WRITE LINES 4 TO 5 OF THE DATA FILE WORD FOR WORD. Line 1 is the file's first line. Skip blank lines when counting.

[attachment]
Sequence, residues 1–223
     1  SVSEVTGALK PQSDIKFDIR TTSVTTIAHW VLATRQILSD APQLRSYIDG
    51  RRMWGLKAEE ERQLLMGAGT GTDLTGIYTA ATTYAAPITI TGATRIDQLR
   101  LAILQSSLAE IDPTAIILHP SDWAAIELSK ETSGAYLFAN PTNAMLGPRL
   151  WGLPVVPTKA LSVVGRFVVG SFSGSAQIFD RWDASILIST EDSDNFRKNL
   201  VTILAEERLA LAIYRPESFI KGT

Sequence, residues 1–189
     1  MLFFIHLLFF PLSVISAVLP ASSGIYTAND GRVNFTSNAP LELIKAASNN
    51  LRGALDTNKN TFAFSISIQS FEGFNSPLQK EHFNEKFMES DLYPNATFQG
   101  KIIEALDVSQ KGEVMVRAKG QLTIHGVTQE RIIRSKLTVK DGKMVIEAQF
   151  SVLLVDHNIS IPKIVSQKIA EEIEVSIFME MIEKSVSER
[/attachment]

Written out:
   101  LAILQSSLAE IDPTAIILHP SDWAAIELSK ETSGAYLFAN PTNAMLGPRL
   151  WGLPVVPTKA LSVVGRFVVG SFSGSAQIFD RWDASILIST EDSDNFRKNL